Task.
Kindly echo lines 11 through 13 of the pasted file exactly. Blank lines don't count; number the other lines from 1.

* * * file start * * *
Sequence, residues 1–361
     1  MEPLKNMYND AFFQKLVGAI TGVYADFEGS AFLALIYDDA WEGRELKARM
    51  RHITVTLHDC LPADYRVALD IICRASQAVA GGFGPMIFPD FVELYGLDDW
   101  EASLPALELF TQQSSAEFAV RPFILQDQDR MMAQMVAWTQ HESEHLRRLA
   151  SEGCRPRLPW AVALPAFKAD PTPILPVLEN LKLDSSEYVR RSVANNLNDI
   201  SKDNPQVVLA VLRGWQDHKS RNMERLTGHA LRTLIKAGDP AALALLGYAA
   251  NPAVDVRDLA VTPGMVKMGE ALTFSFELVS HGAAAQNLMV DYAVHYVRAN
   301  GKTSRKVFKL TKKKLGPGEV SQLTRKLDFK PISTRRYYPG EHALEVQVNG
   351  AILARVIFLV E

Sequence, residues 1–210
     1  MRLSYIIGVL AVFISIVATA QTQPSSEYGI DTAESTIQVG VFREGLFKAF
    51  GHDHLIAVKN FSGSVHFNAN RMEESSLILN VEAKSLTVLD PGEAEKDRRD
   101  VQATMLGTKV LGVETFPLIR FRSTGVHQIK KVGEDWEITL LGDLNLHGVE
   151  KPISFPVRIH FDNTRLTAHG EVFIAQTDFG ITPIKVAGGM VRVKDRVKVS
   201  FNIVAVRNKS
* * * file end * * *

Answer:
     1  MRLSYIIGVL AVFISIVATA QTQPSSEYGI DTAESTIQVG VFREGLFKAF
    51  GHDHLIAVKN FSGSVHFNAN RMEESSLILN VEAKSLTVLD PGEAEKDRRD
   101  VQATMLGTKV LGVETFPLIR FRSTGVHQIK KVGEDWEITL LGDLNLHGVE